Director's Cut (Q4 2019 Issue)

You have no idea how good it feels to put my pen to paper (OK, fine, fingertips to keyboard keys) again to bring you the inaugural ‘Director’s Cut’ column. 

When I returned to work after having my second baby back in the summer, it was with mixed emotions that I took on a new role. Becoming editorial director across our Publishing and Digital portfolio brings with it new challenges, new excitement and new perks (one of my magazines is a wine and spirits publication for the on-trade – the perks are delicious!). The promotion was, however, bitter sweet. 

I joined the Infosecurity team in 2006 as assistant editor and throughout the years, completely accidentally – and perhaps in the early days, begrudgingly – became completely entrenched in the information security industry.

In 2008, I was promoted to editor (a big shout out to my publisher at the time, Greg Valero, for taking a chance on my very inexperienced but very enthusiastic early-twenty-something self). I spent a decade turning that bi-monthly print publication into an incredibly successful, market-leading, digital (and print) publication that our industry tells us it couldn’t do without. 

Handing over the editor baton was not easy, but it was made a lot easier knowing that I still have a very prominent role in both Infosecurity Magazine and the information security industry. I’ve also convinced Michael to give me a page in each magazine to share my reflections on the industry. 

My absolute favorite thing about the information security industry is the people. Each time I’ve conducted a profile interview I’m impressed and my heart is warmed by these brilliant professionals. This issue’s interview with Tom Kellerman was no exception. He’s another example of someone utterly committed to his role and making our world a safer place. 

This industry is bursting with people that really, truly care about making a difference. Not all industries can say the same. Perhaps this is one of the reasons why our cover story comes as no surprise. 

I’m really pleased Michael chose to shine a spotlight on this serious and worthy topic and that, deservedly, it ended up on the cover. Stress and burnout in this industry is prevalent. 

Information security is an industry measured on failure. CISOs and security professionals are judged on what they get wrong, not on what they get right. Living with that and being subject to that responsibility and judgement is bound to have an impact on our industry’s professionals.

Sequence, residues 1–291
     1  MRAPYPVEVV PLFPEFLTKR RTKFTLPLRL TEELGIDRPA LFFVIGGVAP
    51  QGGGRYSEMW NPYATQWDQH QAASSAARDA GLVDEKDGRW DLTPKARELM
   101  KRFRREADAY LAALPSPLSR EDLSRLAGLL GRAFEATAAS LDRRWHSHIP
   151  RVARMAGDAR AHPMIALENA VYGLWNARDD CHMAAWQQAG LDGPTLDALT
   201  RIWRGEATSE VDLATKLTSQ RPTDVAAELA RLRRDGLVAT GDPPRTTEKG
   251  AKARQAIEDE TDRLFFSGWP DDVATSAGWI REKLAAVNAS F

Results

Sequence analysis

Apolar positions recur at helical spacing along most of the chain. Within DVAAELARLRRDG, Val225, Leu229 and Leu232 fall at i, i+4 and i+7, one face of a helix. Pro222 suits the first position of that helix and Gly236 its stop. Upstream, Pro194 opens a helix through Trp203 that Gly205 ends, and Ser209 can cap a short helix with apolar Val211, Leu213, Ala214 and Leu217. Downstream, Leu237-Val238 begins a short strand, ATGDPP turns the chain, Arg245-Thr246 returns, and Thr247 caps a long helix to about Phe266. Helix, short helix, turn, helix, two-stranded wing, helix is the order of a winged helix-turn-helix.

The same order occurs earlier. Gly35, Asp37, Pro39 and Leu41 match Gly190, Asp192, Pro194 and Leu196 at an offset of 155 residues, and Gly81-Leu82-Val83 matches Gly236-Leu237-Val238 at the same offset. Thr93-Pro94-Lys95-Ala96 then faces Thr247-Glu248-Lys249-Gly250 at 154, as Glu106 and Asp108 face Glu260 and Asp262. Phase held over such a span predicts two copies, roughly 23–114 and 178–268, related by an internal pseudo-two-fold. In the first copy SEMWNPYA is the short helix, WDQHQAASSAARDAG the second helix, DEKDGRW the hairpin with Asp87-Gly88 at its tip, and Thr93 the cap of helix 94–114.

Kathryn Pick does a brilliant job of exploring the growing impact of stress and burnout on security leaders on page 12. She reports that 82% of security leaders feel ‘burned out,’ with nearly two-thirds considering leaving their job and/or quitting the industry all together. 

There needs to be accountability. There is a responsibility for employers to take better care of their employees, and for the industry to find a way to safeguard our professionals from this extreme level of burnout. 

Back in February 2019, UK security consultant (and ex-CISO) Thom Langford wrote an extremely brave blog about his own struggle with mental health, alcoholism and telling the story of how he ended up on the rooftop of a building in the middle of the night, “incoherent with emotion, raging at the universe and willing myself to jump off.” His story chilled me to the bone. I know Thom and to imagine him that desperate and that vulnerable is heart breaking. 

By sharing his story though, Thom has opened a conversation that desperately needed to be explored. He called for mental health topics to be included in information security team meetings, management reports and metrics, as well as face-to-face meetings. He puts it right up there with gender and racial diversity as a topic that cannot be ignored, and I completely agree.  

The metrics for which we measure success as an industry need to change. CISOs, like most C-level roles, have – and will always have – accountability. That’s inescapable. However, reducing pressure, minimizing blame and changing the way we quantify success can and should happen. 

Infosecurity Magazine is completely dedicated to serving our industry’s professionals and giving you, our readers, the tools and knowledge you need to do your job. We don’t just write about our industry, we write for our industry. As such, my team and I will be launching a burnout series for 2020. If you’d like to help shape what that looks like, I’d love to hear from you, so please do get in touch:

Enjoy the issue and here’s to making 2020 safer, better and less bloody stressful.

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